Wednesday, 25 February 2009

Thanks, but no thanks

I received a comment yesterday.

Now you have got over the shock, I thought I would write a post in reply as I can not edit the comment and remove the personal details and I felt it deserved a full reply. I would not normally turn it into a full post (well, I might if I had more comments) but even though it was short, it raises an issue that is dear to my heart.

Hi PivDev,
Thanks for your honest feedback.
I am a product manager who works for Pivotal and would love to get some more feedback on some of your posts.
Feel free to contact me @



Now, XXXX is not their real name and the email address has been changed so I am not blamed for filling this persons inbox. I am hoping that you realised this but thought I would make sure ;)

The commenter, lets call them Alan to ease my typing, was commenting on my last post Live In Action - Statue Style, which, if you haven’t read it (shame on you), raised a few issues with Sedna and the “demo” that was given of a customers system.

Whilst I would relish an email conversation about the current state of Pivotal 6 with a product manager at CDC, my anonymity whilst writing this blog means more to me. I am sure, with a bit of digging, anyone that is bothered could find out who I really am but I want to keep this blog anonymous for some selfish reasons, mainly keeping my family in bread and water and being able to talk about what I want without the dreaded spectre of upsetting current & future employers and being out of a job looming over me.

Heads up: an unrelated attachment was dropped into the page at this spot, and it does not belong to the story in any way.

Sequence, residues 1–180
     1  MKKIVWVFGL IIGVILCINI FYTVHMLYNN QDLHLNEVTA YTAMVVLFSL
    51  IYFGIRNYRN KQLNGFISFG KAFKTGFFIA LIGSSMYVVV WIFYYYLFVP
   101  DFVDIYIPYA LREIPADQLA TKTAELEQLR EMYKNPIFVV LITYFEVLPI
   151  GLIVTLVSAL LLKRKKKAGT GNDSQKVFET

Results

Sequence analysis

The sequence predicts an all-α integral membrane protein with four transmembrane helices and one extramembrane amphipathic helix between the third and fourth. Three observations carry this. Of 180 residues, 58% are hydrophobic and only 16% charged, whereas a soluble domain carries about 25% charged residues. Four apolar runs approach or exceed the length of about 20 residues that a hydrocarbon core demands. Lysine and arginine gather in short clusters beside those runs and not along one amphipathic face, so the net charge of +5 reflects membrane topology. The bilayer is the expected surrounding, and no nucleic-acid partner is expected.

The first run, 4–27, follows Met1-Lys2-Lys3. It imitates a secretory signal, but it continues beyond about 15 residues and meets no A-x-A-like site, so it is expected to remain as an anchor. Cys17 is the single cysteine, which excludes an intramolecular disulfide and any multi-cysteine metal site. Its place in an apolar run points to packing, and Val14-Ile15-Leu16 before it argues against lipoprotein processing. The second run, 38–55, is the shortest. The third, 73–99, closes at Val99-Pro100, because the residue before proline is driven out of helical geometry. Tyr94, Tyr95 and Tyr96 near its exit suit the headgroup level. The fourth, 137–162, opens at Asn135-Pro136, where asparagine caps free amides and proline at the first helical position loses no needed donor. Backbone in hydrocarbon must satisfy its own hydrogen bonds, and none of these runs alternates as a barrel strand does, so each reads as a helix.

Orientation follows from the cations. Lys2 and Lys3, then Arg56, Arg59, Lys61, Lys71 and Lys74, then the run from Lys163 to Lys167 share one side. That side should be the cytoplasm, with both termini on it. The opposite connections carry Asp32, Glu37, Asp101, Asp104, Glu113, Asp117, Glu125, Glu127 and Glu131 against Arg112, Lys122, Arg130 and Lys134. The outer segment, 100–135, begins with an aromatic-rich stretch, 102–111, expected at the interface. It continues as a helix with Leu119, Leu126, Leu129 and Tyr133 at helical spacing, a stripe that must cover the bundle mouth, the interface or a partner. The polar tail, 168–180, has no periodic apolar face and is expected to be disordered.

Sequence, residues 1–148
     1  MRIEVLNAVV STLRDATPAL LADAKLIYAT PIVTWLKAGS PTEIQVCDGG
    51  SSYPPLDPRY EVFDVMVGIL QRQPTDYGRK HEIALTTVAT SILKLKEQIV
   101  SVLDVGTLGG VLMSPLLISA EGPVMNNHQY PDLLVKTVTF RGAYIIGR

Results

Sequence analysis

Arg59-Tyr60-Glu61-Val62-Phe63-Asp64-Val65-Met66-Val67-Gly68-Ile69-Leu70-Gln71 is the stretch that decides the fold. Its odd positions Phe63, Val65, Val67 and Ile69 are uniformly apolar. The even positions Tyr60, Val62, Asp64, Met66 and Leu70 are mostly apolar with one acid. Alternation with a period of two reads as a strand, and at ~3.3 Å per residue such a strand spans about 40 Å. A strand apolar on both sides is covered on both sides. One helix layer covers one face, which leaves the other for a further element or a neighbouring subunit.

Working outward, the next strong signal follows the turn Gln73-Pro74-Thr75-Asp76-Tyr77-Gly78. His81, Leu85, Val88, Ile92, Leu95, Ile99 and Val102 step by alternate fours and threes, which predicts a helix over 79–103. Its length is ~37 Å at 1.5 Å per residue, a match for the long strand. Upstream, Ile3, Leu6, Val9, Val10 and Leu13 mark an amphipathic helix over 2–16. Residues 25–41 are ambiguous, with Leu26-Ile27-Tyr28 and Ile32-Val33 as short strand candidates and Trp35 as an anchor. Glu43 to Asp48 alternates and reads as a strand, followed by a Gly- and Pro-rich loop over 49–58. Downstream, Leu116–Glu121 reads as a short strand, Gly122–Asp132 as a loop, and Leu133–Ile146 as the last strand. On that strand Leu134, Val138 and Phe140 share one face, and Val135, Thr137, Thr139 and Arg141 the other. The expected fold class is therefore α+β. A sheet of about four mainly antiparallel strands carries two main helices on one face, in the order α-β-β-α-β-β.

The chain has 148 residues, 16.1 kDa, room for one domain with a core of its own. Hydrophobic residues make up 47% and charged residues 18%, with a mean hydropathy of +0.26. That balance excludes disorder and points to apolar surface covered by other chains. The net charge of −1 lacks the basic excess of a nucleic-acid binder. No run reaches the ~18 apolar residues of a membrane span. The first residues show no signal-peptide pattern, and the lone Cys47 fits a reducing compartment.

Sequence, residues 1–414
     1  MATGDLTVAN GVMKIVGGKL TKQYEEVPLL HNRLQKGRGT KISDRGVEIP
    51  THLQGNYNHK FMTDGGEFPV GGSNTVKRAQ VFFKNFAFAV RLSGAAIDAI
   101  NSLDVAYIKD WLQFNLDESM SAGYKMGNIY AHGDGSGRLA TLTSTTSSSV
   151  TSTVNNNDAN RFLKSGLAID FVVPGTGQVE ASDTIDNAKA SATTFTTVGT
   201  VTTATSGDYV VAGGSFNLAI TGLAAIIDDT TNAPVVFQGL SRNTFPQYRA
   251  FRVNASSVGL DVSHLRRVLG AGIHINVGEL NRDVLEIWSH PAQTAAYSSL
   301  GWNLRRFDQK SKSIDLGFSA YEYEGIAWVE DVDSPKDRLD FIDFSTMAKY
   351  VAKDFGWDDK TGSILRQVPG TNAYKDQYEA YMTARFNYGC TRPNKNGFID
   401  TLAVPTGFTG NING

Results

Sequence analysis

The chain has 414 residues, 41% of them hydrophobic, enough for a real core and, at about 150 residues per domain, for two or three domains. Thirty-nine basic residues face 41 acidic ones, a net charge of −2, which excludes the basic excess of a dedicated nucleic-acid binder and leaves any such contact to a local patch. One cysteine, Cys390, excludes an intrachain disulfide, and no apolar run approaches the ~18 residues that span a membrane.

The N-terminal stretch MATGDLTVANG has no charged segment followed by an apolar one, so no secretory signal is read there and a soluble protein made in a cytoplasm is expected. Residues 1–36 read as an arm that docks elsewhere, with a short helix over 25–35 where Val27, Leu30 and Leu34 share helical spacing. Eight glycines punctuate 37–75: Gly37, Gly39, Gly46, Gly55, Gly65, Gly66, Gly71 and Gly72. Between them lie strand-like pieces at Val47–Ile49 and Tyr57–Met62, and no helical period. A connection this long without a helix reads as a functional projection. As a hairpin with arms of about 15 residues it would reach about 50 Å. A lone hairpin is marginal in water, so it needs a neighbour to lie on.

I also feel these conversations about the product direction and problems with Pivotal in alls it’s incarnations should be aired in the public arena to increase the knowledge available to the community. A community for any product or service, whether it is a business tool, game or device, only helps the product or service. Look how Salesforce & MS CRM has flourished because of the external groups making (and selling) functionality, discussing problems, and helping each other out with issues and solutions. You can also look at the communities around online games, media streaming products and other devices to see that they help evolve the product.

A social network may not add directly to the CDC Software bottom line, but a strong community encourages everyone to push the product to it’s limits, giving everyone more options in deploying to their end users, increasing the likelihood that the product is not replaced by something else and, more importantly, encouraging new customers to sign up when they search Google and see several sites full of information about how to do things.

I feel that CDC is not doing a tenth of what they could do in terms of encouraging this behaviour. Yes there are the official forums and the unofficial version, but where is the blog from a Pivotal insider? Where is the RSS feed of new patches & hotfixes? Where is the online Wiki(I know this has been tried unofficially, but seems to have fallen by the wayside)? Where are the online chats with Professional Services experts to answer questions and give advice? All this stuff is easy to create and develop, and probably would take very little encouragement for those of us who rely on Pivotal for a living to contribute to and little expenditure from CDC to organise.

This becomes apparent to me when I visit other customers. Everyone implements Pivotal in a different way, one of it’s key benefits over other CRM platforms (I am looking at you, SAP), but there are no samples around about how other users have done certain things, apart from those available in the official & unofficial forums. Mark Lyseyko’s (I hope I spelt that right) Tech Tips is good, but in the wrong format - try using this to search for some way of accomplishing a task.

What this, once again, long post (apologies if you got this far) boils down to is I hope that Alan does not take too unkindly to me not taken him up on his offer, and I hope I have let you all know why I think I shouldn’t. If Alan reads this, I would be happy to have a conversation with him over comments in the blog if he wants to address some of the points raised here or in earlier posts.

No comments: